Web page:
(Reviewed by Ishita RC)
One momentous day. And two lives were forever linked.
At the 1984 summer games in Los Angeles, a raucous crowd of ninety thousand saw their favorite in the women’s three-thousand-meter race, Mary Decker, go down. An audience of two billion around the world witnessed the mishap and listened to the instantaneous accusations against the suspected culprit, Zola Budd.
Just seventeen, the South African Budd had already been the target of a vicious and vocal campaign by the anti-apartheid lobby after she transferred to the British team in order to compete at the games. Decker, at twenty-six, was America’s golden girl, ready to overcome years of bad luck and injuries to rightfully take the Olympic gold for which she had waited so long. With three laps to go, Decker and Budd’s feet became tangled. Decker went down and didn’t get up, wailing in primal agony as her gold medal hopes vanished.
Although both women found success after the Olympics, neither could escape the long shadow of the infamous event that forever changed both of their lives and continues to define them in popular culture to this day.
“This isn’t a tale of heroic feats… It’s about two lives running parallel for a while, with common aspirations and convergent dreams.” – Ernesto “Che” Guevara de la Serna, The Motorcycle Diaries (2005)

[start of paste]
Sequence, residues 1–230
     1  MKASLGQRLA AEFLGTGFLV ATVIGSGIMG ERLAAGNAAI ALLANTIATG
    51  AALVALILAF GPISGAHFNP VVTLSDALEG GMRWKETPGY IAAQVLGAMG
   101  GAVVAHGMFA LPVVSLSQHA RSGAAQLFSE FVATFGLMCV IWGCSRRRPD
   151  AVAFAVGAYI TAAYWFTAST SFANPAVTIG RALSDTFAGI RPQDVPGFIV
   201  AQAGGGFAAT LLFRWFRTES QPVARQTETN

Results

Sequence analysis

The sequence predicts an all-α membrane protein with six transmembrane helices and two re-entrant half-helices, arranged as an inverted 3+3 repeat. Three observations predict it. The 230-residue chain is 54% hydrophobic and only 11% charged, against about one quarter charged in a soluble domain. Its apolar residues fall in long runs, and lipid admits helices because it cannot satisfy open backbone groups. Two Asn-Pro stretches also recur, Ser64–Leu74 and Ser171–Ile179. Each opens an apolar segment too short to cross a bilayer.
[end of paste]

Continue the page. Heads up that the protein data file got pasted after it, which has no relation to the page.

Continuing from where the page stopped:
This quote perfectly defines the two legendary sportswomen. What a book!!! I was simply spellbound from the moment I started reading. A chronicle of two legends, miles apart and differing in age and yet both defined by their personalities that started at home but differed in how they persevered. The author captured the sportsmanship of track runners beautifully, the physical toils that we don’t often see or imagine and the amount of training and dedication it requires to be a success in their respective domains.
The style of writing is perfect to describe two different personalities who have only one thing in common: they love to run and they run to be free. There is no commentary required for any characterisation here because this is not one of those fictional books where you look at how the character develops; this is a true story of two legends. The title and the cover image are therefore perfect. This is one of those books that show a clear thought process when it comes to writing, and clarity and determination it takes to research the content.
Thipe was black, and the camaraderie they enjoyed out in the countryside was not permitted in Bloemfontein – or indeed anywhere else in South Africa. Apartheid was still the law of the land, and such associations were not acceptable. But Zola learned a different lesson from this friendship, and as she later put it, “My relationship with Thipe taught me, early on, that the color of a person’s skin is not what’s important.”
Just as Mary Decker’s move with her family to Southern California would have tremendous impact on her development as a runner, so too Zola Budd’s birthplace influence her subsequent career. In Budd’s case, the happenstance of being born in South Africa would dog her steps on track like a fast runner she couldn’t shake off no matter how she tried. “
Olympic Collision is absolutely a perfect book that I am going to rave and recommend to one and all. I would have, of course, preferred to see more images related to track events to make it a bit more personal.